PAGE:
Toys That Look Like Your Child – They Are Important!
With the holidays right around the corner, we think it’s a good time to discuss children’s toys, playthings, apps, and games. Psychological studies have proven over the years that a little one’s leisure time is linked to self-esteem, leadership and compassion. Just as baby animals mock-fight to help them with important skills later on in life, the same is true of our kids.
Therefore, it makes sense children’s toys and media choices affect their self-esteem. According to an article published in the Times Columnist, “Characters who look more like they do, rather than imagined ideals, help kids build confidence, the foundation for leadership skills. But here’s the kicker — seeing toys that look like others (a different race, for instance) nurtures compassion.”
There’s no doubt that change to reflect diversity has been slow in coming, but toymakers have been working on meeting the demand. Mattel’s Barbie line features dolls with seven skin tones and more realistic body types, and Lego’s features a Minifigure seated in a wheelchair.
The world at large is in on the conversation, too. Samantha Knowles, director of the award-winning documentary Why Do You Have Black Dolls?, says that these dolls give kids “a more robust and healthy sense of the world and of themselves.”
So, that’s all good and it makes sense. But did you know that the status-quo can actually be harmful? You might think similarity in toys would just be “whatever”, but it goes deeper. “Watching TV has been proven to boost self-esteem in white boys, who identify with an assembly line of white male protagonists,” asserts the Times Columnist, “but lowers self-esteem for girls and children of color, who usually see themselves in supporting or negative roles. Kids connect with characters who look like them, even if those characters are sidelined.”
Samantha Knowles agrees: “It’s one thing to say: ‘This is what race is.’ It’s a subtler, more powerful thing to give them toys and let them learn.”
Kudos to Mattel and Lego! Here are some other awesome toys that celebrate diversity:
History in Action Toys
As we well know, American History as taught in schools has, up until fairly recently, omitted people of color who played pivotal roles in the shaping and progress of the nation. History in Action Toys is determined to bring some of their stories to light, with action figures that celebrate those overlooked pioneers. They now offer three of America’s real superheroes: Bessie Coleman, the first black woman in America to earn a pilot’s license; mathematician and astronomer Benjamin Banneker; and Matthew Alexander Henson, the first American to reach the North Pole.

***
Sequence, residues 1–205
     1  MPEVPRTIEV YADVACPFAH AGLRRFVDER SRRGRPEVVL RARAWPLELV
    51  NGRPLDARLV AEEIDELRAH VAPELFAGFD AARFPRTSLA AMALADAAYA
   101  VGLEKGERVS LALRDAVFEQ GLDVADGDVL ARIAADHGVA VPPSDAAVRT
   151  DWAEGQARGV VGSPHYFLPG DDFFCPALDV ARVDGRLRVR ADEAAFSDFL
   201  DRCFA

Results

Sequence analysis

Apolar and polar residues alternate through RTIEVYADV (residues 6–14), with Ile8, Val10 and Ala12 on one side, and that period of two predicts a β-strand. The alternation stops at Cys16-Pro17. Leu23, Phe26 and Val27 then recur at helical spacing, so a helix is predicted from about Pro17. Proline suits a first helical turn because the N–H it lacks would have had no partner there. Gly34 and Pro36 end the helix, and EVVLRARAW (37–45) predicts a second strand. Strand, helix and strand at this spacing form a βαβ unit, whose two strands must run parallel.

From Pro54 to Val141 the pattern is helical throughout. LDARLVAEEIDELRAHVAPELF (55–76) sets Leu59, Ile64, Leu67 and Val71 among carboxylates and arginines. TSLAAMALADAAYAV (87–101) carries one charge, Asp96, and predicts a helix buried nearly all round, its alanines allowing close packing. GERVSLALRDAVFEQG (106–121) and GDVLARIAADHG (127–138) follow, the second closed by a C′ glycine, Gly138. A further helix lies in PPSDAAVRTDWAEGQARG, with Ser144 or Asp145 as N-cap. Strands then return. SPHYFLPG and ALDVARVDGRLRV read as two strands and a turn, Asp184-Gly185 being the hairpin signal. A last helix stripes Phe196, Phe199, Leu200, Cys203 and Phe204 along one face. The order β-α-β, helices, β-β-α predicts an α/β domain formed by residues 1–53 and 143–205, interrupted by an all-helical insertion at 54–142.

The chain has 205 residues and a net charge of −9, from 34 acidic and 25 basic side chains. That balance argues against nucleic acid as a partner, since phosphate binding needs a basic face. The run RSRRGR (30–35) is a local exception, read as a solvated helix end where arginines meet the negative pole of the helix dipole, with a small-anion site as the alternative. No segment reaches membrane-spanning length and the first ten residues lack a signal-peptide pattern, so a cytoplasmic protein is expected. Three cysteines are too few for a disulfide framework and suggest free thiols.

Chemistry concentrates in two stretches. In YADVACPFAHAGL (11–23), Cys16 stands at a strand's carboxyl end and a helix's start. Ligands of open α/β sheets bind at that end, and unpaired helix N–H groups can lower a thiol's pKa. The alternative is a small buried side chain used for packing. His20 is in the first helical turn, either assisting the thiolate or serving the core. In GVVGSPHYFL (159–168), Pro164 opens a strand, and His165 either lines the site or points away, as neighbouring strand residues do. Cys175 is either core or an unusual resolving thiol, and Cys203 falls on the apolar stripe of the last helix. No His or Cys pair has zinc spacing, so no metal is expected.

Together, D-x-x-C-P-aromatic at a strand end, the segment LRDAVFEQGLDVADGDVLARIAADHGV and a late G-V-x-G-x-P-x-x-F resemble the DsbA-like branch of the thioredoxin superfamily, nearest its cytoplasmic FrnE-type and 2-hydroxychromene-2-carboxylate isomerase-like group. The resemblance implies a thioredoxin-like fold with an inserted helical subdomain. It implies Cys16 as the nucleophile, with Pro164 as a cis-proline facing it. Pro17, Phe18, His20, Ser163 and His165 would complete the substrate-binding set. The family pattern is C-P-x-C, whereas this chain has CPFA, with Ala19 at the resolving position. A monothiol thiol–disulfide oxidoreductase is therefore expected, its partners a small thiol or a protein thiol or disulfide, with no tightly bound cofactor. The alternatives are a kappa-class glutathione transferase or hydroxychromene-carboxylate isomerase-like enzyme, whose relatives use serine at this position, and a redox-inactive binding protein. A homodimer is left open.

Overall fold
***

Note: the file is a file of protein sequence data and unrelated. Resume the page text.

My Family Builders
Created by an illustrator, child psychologist, education specialist and product designer, the My Family Builders toy set offers a selection of whimsical wooden pieces decorated with differing skin tones and facial features to represent them. These blocks are sort of Lego-like — their heads, bodies and legs can be mixed and matched to combine with magnetic snaps.
When artist Nikolay Lamm set out to creative an average doll, it was because she wondered, “What if fashion dolls were made using standard human body proportions?” A successful crowdfunding campaign led to the production of Lammily, a doll with a realistic body and every day flaws in the form of “Lammily Marks.” These are reusable stickers that allow the dolls’ owners to add realistic marks like scars, freckles, acne, scrapes and grass stains, and even stretch marks and cellulite.
Children’s Factory Soft Dolls
These plush and huggable dolls come with diverse skin tones and include two designs with faces that celebrate the unique features of Down’s Syndrome. The company also manufactures accessories to assist with the doll’s disabilities, including crutches, leg-braces, hearing aids, walkers, and wheelchairs.
Creative Minds Basket of Babies
This is a perfectly pint-sized a basket full of plushies to cuddle, squeeze, dress, and love. With removable sack dresses that match their hats, this set of six super-soft dollies are designed to inspire nurturing role-play for one child or a gathering of friends. When it’s time to go home or be put away in the toy chest, the babies bundle into their cozy, take-along, fabric basket.
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What are some of your favorite toys that celebrate diversity? Share them with us!